List of sexually active popes

This is a list of sexually active popes, Catholic priests who were not celibate before they became pope, and popes who were legally married. Some candidates were sexually active before their election as pope, and others were accused of being sexually active during their papacies. A number had offspring. The Second Lateran Council (1139) made the promise to remain celibate a prerequisite to ordination, abolishing any sanctioned married priesthood; something which had been tolerated in the early days of the Church. Such relationships were generally undertaken therefore outside the bond of matrimony and each sexual act thus committed is considered a mortal sin by the Roman Catholic Church.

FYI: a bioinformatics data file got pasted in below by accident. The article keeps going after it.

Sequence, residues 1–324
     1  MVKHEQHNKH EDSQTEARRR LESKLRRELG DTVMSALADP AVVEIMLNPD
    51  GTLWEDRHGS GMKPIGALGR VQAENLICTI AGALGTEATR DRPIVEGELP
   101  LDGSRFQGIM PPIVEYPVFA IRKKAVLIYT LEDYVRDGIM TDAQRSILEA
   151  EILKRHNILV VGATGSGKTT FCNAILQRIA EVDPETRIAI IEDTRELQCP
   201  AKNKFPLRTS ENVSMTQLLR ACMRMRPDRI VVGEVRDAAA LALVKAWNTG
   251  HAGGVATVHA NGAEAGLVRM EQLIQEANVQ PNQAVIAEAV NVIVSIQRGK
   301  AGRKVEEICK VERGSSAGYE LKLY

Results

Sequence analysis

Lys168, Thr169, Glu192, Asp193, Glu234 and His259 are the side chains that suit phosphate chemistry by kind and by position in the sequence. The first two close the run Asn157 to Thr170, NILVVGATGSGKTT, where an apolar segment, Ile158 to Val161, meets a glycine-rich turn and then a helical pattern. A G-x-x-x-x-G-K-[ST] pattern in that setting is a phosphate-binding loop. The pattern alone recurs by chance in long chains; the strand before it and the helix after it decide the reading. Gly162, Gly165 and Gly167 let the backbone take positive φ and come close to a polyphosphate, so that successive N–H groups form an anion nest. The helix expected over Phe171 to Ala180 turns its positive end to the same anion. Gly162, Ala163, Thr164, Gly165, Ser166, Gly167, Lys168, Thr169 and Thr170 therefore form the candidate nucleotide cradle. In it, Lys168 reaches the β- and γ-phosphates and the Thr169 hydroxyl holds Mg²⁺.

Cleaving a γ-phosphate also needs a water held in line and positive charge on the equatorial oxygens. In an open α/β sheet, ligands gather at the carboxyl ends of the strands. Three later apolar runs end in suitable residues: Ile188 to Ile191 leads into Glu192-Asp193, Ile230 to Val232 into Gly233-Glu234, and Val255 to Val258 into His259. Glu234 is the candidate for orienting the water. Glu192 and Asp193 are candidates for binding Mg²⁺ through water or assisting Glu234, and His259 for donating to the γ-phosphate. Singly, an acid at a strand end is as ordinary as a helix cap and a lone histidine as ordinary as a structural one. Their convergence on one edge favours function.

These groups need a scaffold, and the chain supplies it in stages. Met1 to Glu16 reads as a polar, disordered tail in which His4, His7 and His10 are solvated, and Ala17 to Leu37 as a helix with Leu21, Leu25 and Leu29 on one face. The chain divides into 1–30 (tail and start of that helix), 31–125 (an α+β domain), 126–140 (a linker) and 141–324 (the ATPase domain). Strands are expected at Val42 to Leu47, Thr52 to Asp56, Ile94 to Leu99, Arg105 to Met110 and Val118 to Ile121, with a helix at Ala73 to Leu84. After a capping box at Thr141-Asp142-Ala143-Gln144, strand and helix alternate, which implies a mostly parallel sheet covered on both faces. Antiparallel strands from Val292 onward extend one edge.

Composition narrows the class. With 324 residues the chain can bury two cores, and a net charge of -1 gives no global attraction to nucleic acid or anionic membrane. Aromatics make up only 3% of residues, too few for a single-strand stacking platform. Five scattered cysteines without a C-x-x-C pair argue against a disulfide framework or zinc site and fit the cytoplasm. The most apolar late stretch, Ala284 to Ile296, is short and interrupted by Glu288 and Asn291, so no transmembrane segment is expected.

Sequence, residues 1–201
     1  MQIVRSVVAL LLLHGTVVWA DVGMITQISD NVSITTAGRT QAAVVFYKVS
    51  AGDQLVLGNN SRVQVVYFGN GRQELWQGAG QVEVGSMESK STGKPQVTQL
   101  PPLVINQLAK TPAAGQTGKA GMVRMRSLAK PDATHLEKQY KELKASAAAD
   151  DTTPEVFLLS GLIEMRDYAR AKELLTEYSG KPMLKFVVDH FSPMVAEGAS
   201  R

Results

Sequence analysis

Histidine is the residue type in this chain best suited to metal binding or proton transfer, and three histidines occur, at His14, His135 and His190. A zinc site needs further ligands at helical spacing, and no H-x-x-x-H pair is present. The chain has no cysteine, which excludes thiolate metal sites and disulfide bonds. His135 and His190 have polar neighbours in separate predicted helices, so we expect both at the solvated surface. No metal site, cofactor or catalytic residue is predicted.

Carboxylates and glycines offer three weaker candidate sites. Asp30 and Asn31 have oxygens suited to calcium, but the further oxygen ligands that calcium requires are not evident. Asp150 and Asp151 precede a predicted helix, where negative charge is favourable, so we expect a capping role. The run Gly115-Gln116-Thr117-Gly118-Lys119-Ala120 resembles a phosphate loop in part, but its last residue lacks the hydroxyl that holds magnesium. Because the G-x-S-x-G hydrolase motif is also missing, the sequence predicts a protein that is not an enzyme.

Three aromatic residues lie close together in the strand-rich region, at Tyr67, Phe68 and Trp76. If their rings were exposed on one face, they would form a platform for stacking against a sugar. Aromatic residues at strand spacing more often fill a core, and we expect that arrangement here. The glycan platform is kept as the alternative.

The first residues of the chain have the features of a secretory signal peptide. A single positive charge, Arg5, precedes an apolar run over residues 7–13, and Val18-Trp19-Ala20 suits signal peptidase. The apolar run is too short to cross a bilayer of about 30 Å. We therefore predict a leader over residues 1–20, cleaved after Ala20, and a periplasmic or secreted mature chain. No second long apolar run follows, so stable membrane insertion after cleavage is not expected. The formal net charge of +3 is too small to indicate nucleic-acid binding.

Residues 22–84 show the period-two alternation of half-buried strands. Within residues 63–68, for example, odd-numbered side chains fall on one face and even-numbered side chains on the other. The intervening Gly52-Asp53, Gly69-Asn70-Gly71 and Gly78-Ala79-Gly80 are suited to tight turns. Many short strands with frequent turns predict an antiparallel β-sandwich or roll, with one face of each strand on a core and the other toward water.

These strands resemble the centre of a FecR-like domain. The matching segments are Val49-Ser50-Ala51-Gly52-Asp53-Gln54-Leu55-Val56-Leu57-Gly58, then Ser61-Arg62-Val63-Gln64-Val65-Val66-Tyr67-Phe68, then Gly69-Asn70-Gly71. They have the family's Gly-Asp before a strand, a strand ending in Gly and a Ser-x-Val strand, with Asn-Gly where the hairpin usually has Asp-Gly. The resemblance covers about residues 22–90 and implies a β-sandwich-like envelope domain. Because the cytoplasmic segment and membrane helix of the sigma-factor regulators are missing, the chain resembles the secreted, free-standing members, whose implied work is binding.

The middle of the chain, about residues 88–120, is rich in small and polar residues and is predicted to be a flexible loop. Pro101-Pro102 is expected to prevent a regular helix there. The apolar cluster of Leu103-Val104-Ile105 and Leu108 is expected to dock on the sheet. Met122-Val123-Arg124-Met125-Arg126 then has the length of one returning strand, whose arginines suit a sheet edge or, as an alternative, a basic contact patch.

There are various classifications for those who were sexually active at some time during their lives. Periods in parentheses refer to the years of their papacies.

Pope Adrian

Pope Adrian or Pope Hadrian may refer to:

Pope Adrian I (772–795)

Pope Adrian II (867–872)

Pope Adrian III (884–885)

Pope Adrian IV (1154–1159)

Pope Adrian V (1276)

Pope Adrian VI (1522–1523)Fiction:

Hadrian the Seventh, novel and play featuring a fictional English Pope Hadrian VIIMusic:

Pope Adrian 37th Psychristiatric, concept album by Rudimentary Peni

Pope John VIII